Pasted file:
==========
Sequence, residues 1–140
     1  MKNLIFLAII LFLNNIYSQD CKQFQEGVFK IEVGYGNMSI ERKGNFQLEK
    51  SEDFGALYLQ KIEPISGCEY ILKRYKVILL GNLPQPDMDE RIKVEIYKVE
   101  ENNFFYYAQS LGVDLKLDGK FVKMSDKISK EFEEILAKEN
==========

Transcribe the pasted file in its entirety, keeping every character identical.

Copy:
Sequence, residues 1–140
     1  MKNLIFLAII LFLNNIYSQD CKQFQEGVFK IEVGYGNMSI ERKGNFQLEK
    51  SEDFGALYLQ KIEPISGCEY ILKRYKVILL GNLPQPDMDE RIKVEIYKVE
   101  ENNFFYYAQS LGVDLKLDGK FVKMSDKISK EFEEILAKEN